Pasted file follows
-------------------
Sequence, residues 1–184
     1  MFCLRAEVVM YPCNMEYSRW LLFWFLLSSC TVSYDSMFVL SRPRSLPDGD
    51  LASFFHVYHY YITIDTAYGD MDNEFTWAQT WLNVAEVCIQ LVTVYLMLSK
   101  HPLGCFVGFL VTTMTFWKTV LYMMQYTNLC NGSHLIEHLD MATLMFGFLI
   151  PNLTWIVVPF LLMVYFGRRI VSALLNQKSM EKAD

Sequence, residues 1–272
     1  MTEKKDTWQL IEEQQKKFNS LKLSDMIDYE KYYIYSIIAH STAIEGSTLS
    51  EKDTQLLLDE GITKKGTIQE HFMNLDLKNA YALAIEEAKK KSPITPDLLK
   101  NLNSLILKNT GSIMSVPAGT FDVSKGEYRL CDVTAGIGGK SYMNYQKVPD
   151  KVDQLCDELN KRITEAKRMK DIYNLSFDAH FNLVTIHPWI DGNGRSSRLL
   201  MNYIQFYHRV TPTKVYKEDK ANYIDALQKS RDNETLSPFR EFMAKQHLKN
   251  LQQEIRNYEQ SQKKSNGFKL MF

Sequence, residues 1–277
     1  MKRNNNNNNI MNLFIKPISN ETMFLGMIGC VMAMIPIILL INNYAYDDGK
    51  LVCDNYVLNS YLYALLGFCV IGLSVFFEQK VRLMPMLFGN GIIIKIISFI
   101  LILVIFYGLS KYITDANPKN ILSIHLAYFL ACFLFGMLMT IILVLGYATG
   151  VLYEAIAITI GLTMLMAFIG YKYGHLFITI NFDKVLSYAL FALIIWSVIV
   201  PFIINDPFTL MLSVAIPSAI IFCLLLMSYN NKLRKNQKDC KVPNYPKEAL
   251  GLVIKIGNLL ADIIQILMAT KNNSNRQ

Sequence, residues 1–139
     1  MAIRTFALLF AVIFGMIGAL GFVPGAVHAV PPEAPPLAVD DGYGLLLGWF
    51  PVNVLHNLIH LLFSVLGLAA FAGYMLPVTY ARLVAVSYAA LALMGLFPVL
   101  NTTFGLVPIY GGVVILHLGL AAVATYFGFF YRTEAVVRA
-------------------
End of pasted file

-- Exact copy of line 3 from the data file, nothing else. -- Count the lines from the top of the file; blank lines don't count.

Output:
    51  LASFFHVYHY YITIDTAYGD MDNEFTWAQT WLNVAEVCIQ LVTVYLMLSK